Finland convicts 3 pro-Russian trolls of defaming journalist
Jessikka Aro was targeted with 'completely nasty, monstrous lies, conspiracy theories'
Finland has taken decisive action against pro-Russian disinformation this month, thanks in no small part to the experience of investigative journalist Jessikka Aro.
If you're a journalist like her, sitting in Helsinki — about a two-hour drive from the Russian border — the threat from pro-Russian elements online, and even in the street, is very real.
"It's completely nasty, monstrous lies, conspiracy theories. They frame me as some kind of a pro-NATO extremist, as mentally ill, as brain damaged, as a drug dealer," said Aro.
"They also manipulated horrible photos of me and even stalk me whatever I do publicly," Aro told CBC's The Investigators with Diana Swain this week.
Aro, who works for Finnish public broadcaster YLE, began investigating the Internet Research Agency based in St. Petersburg, Russia, in 2015. That's the "troll farm" linked to alleged interference in the 2016 U.S. presidential election.
'It really became a security risk'
Her reporting put Aro in the crosshairs of a pro-Russian website, MV-Lehti. And so began a campaign to discredit Aro's work and destroy her personal life.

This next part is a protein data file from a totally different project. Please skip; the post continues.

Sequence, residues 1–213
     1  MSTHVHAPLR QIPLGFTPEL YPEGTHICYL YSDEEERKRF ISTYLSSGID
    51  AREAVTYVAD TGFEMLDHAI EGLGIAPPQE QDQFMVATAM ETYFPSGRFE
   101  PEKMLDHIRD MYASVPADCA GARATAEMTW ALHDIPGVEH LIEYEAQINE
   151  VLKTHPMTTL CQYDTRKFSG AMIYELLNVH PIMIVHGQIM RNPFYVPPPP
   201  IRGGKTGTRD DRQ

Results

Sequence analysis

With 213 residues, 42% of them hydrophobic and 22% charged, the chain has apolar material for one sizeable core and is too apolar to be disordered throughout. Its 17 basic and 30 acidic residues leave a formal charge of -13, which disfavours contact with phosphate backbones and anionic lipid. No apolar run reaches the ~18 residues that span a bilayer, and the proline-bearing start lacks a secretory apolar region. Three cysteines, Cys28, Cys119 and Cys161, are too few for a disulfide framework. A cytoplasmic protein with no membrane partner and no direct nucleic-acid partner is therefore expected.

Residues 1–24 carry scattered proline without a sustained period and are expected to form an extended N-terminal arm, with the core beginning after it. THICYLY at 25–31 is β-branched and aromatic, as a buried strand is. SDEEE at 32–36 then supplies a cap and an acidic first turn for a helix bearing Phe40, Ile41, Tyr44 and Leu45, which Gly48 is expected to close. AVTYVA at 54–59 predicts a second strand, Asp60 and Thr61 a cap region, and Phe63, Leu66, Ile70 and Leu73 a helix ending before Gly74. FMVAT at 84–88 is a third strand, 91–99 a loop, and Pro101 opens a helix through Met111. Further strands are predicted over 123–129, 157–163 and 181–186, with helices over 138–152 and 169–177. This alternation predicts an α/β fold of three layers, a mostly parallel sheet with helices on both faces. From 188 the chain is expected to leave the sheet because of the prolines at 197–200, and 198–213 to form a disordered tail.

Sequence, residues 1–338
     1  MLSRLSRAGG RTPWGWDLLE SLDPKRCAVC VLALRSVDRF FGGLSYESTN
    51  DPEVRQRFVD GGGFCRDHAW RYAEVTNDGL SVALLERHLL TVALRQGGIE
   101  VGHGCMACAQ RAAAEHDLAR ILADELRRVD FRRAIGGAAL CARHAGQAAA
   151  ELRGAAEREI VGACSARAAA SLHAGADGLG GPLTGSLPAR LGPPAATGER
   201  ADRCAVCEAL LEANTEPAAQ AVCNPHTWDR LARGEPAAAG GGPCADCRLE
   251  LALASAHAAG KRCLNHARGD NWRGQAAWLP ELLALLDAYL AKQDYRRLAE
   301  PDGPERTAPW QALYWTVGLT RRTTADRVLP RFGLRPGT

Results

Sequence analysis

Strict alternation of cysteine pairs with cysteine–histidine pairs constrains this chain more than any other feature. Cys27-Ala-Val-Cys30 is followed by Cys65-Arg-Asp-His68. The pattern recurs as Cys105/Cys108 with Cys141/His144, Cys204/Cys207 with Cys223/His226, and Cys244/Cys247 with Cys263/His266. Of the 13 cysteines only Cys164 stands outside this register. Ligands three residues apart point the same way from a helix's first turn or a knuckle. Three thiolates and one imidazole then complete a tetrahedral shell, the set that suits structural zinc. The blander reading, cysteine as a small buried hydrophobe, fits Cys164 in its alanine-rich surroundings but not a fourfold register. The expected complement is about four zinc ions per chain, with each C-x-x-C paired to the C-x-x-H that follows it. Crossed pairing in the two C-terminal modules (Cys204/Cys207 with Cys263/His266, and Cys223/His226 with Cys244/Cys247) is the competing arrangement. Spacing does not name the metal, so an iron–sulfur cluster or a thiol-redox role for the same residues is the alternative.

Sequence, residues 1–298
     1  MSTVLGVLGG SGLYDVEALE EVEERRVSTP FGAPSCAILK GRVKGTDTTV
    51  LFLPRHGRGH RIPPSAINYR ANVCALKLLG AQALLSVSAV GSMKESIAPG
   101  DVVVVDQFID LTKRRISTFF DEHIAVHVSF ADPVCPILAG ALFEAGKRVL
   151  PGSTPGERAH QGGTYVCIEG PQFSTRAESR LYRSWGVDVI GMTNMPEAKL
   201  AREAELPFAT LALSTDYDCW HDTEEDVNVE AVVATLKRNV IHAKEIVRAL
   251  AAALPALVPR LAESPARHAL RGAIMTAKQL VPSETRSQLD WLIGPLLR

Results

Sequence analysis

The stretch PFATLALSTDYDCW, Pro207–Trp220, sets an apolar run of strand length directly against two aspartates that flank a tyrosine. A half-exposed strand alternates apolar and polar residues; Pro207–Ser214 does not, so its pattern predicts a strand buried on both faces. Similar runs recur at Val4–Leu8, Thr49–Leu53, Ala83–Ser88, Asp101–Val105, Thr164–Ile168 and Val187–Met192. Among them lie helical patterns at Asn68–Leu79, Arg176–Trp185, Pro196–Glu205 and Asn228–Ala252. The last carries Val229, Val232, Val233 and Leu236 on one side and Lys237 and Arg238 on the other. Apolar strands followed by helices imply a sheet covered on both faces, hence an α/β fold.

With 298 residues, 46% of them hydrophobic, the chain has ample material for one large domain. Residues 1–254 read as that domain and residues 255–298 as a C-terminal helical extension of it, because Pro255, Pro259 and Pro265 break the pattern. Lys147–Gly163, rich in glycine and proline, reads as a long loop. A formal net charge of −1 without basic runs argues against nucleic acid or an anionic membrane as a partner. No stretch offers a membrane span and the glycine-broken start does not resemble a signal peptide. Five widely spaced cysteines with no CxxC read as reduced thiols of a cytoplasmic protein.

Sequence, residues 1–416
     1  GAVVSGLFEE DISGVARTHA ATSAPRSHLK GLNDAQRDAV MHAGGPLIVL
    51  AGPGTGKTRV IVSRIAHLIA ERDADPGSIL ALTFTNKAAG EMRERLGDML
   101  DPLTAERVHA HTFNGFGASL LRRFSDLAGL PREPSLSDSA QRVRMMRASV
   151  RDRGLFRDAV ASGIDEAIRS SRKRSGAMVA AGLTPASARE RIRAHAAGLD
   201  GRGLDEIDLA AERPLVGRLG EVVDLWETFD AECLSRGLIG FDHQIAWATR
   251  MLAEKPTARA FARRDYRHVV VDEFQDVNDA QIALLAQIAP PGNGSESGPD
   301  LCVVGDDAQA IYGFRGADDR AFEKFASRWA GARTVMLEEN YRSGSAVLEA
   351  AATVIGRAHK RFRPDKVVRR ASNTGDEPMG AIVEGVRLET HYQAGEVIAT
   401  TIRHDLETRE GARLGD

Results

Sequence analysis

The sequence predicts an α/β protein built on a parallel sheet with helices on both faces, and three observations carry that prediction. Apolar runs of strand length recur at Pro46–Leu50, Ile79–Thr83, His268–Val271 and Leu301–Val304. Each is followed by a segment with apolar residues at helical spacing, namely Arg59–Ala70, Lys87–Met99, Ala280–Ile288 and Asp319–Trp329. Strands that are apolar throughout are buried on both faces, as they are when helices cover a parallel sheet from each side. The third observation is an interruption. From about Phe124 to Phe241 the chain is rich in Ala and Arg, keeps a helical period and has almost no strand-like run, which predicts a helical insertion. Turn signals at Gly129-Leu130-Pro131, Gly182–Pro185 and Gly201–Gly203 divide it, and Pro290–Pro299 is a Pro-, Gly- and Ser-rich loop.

"It went on (for) years," she said. "It really became a security risk because there were then so many actual people wanting to harass me and wanting to threaten me, and even follow me in the streets of Helsinki, because of this disinformation campaign."
But this month, a court in Helsinki convicted three internet trolls, all Finns, who are linked to the website of defamation against Aro. Ilja Janitskin was sentenced to 22 months in prison, sending a clear message that the court takes the issue seriously.
Janitskin and two other journalists were ordered to pay €136,000 ($203,000 Cdn) in compensation, BBC reported.
'In the end, I am just so relieved'
"I was just enormously happy to see justice working. I mean, it took a while, many years, to see this finally happen. But in the end, I am just so relieved," said Aro.
Despite the verdict, Aro doesn't expect the harassment to end.
"When you Google my name you will not find my proper professional journalistic investigations. Instead, you will find trash. So unfortunately, because Google lets this happen, this stuff will stay at the higher end of Google results for some time," said Aro.
Not that she's going to let up.
"I'm just looking forward for this opportunity for me to publish and talk about my investigations and about Russian trolls, and what they're up to," she said.
Watch Jessikka Aro detail how pro-Russian tolls harassed her
Also this week on The Investigators with Diana Swain, we ask Vice's Oobah Butler to explain why he pranked journalists. Plus, how a publication ban affected The Fifth Estate's investigation of a missing Newfoundland woman. Watch The Investigators with Diana Swain Thursdays at 7 p.m. on CBC Television; Saturdays at 9:30 p.m. ET and Sundays at 5:30 p.m. ET on CBC News Network.